Ryan Lochte finishes fourth as other swimmers steal the Olympic show

Ryan Lochte finished fourth in the 200-meter freestyle Monday, but it didn't diminish a fantastic night of swimming at the Olympics. In fact, it might have made them even better.  

Daniel Ochoa De Olza/AP
France's Yannick Agnel reacts to his gold medal win in the men's 200-meter freestyle swimming final at the Aquatics Centre in the Olympic Park during the 2012 Summer Olympics in London Monday.

Apparently, the world does not get NBC, because it didn't appear to get the message that this is supposed to be the Michael Phelps and Ryan Lochte Olympics. 

Monday night at the Aquatics Centre was filled with no shortage of brilliant stories.

What about 17-year-old Missy Franklin, the native of Aurora, Colo., winning the first of what could be four individual medals in the 100-meter backstroke?

Or how about two swimmers that probably no Americans have ever heard of – countrymen Matt Grevers and Nick Thoman – pulling off the first American gold-silver sweep of the London swimming program in the men's 100-meter backstroke?   

Or Ritu Meilutyte, the 15-year-old Lithuanian who appeared bewildered on the pool deck, seemingly unable to grasp the fact that she had actually won the women's 100-meter breaststroke by the length of one of her green, red, and yellow-painted fingernails? 

Lochte left behind

But not one of them featured Mr. Lochte stroking through the pool like an aquatic Colossus, leaving only a trail of seared swimming caps in his wake. In fact, in Lochte's race, it would be criminal not to celebrate Yannick Agnel, the Frenchman who conjured up a repeat of his gold-medal performance Sunday to win the 200-meter freestyle Monday in a swim so fast it seemed to leave contrails in the East London water.

Lochte, beaten by Mr. Agnel Sunday, finished a fading fourth Monday. 

This is not an indictment of Lochte. Nor of Phelps for his own fourth-place finish Saturday. In the three years from Beijing to the 2011 world championships, those two had come to make us all believe that the impossible was not only possible, but to be expected. We set them on pedestals because there seemed nothing that they could not do. For that, and for the audacity of what they are attempting here, they should be celebrated. 

But at the same time, perhaps it is only wise for us now to appreciate the enormity of what they have done by recognizing that, as great as America's dynamic duo surely is, there is greatness elsewhere to be celebrated. Indeed, in realizing that – and enjoying it – their accomplishments become that much more astounding.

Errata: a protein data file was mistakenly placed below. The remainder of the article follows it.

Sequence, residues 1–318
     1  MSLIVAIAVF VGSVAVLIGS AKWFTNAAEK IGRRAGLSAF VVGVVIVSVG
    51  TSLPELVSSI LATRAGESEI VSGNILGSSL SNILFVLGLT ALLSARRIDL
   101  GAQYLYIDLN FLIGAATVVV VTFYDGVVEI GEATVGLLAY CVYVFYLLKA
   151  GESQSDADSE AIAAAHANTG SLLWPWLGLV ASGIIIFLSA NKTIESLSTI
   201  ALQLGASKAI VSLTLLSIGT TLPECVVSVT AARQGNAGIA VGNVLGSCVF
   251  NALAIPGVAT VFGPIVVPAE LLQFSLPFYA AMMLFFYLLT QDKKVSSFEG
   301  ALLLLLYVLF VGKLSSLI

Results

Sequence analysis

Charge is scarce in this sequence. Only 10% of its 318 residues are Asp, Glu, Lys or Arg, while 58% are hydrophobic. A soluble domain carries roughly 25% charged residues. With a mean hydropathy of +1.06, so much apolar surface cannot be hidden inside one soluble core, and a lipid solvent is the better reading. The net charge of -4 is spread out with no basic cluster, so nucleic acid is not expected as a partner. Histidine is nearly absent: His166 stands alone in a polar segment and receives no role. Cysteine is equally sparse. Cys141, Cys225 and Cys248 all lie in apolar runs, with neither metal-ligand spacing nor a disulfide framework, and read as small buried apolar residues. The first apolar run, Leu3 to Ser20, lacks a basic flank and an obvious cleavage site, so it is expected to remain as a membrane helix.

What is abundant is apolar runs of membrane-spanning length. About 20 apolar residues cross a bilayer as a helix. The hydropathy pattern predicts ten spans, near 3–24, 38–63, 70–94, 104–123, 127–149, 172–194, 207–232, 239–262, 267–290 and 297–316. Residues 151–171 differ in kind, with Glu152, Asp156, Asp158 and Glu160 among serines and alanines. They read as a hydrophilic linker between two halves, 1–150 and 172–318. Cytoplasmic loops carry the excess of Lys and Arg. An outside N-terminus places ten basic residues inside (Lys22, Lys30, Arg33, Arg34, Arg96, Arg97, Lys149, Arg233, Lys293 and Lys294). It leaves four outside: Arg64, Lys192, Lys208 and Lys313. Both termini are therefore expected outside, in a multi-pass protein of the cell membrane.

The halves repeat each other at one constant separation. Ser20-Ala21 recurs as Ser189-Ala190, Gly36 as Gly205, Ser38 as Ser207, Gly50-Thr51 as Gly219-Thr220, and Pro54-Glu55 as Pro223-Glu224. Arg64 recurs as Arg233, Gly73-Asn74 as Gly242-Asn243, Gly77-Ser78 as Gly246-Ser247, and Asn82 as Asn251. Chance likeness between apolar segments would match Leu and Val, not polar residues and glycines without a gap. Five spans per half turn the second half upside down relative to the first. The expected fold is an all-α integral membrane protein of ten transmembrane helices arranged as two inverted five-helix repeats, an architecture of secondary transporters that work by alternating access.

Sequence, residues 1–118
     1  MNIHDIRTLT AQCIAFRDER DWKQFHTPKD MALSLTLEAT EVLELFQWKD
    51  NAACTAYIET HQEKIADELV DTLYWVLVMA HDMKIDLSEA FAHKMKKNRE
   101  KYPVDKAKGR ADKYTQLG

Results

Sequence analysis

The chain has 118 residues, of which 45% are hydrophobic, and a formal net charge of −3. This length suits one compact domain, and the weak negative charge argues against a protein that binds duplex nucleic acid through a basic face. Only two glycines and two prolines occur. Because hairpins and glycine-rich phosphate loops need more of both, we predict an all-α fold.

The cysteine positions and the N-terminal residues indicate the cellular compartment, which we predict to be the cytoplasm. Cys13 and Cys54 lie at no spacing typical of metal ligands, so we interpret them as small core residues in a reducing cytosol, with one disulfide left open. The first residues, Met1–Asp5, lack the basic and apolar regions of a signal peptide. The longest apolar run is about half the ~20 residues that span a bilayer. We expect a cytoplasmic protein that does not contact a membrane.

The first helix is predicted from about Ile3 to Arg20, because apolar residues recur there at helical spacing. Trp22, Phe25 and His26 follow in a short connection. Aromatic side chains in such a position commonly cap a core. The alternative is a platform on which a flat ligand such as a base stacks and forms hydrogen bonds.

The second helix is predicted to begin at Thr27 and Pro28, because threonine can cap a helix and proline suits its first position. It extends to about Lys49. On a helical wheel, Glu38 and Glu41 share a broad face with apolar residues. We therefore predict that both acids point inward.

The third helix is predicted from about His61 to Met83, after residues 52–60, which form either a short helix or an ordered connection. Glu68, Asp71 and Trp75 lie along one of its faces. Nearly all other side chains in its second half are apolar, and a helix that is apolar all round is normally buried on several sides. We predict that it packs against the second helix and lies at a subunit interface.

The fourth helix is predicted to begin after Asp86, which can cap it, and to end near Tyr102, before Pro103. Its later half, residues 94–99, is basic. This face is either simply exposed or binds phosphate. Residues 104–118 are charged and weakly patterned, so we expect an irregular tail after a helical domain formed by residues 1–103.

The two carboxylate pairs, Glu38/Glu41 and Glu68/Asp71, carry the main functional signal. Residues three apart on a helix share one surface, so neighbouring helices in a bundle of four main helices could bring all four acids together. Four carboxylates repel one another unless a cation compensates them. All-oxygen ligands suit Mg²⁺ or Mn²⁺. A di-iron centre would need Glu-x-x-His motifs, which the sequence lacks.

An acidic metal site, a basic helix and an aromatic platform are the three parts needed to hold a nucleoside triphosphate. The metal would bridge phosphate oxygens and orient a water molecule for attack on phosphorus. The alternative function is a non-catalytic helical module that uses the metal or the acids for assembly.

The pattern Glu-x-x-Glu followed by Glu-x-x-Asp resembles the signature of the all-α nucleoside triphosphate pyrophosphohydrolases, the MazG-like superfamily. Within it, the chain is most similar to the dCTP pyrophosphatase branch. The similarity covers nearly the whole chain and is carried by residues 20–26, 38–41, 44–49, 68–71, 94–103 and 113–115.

And there was plenty to enjoy Monday.

Starting with Ritu Meilutyte. Who is she, and did anyone outside Vilnius know how to spell her name before her eye-opening heats Sunday? Clearly, English is not her first language, or maybe even her third. Yet it seemed that her comments after the race captured the moment precisely.

"I can't believe it. It's too much for me. I really can't say anything. It was hard and difficult. At the moment I can't speak too much."    

You got the sense that, even in Lithuanian, she would have been a blathering wreck. Fifteen-year-olds aren't even allowed to compete in women's gymnastics at the Olympics. Meaning that all those tiny girls in leotards are wise old souls compared to Meilutyte.     

At 17, Missy Franklin is virtually a pensioner.

Franklin: Swimming for Aurora

Before the Games began, she said that every swim was for her hometown, hoping she could lessen even slightly the weight from the shooting rampage that killed 12. During the last 50 meters of the 100 backstroke, she looked like she had an entire town in the pool with her, pushing her forward.

Just 20 minutes before, she had swum in a semifinal for the 200-meter freestyle. "Missy showed she is incredibly tough out there," said Phelps. "You usually need around a half an hour to recover, so to have that fast turnaround was incredible."

That gives her two medals in two races – the gold Monday and a bronze from the 4x100 freestyle relay Saturday. If she can keep up the pace, she would be the first American woman to win seven medals in a single Olympic Games. 

Frenchman Agnel now has two medals as well: both gold, both over Lochte, and both so emphatic that organizers should stamp an exclamation mark on them.  

Swimmers talk about finding another gear when they need it. In the last 50 meters, Agnel found about three. There is no shame in saying that Lochte was utterly upstaged. After all, Lochte himself did the upstaging Saturday in the 400-meter individual medley. He will almost surely do it again before the lights go out at the Aquatics Centre.  

This time, it was Agnel's turn. 

The new French president was there to watch, and he too caught the right spirit. Beijing, it seemed, was the Americans' time, snatching an improbable victory from the French in the 4x100 relay. But Monday, the French got their just desserts. 

"Four years ago there was disappointment, and so now it is not in the spirit of revenge," said President François Hollande. "It shows you should never give up even if you fail on the first attempt."

Phelps and Lochte couldn't have said it better. 

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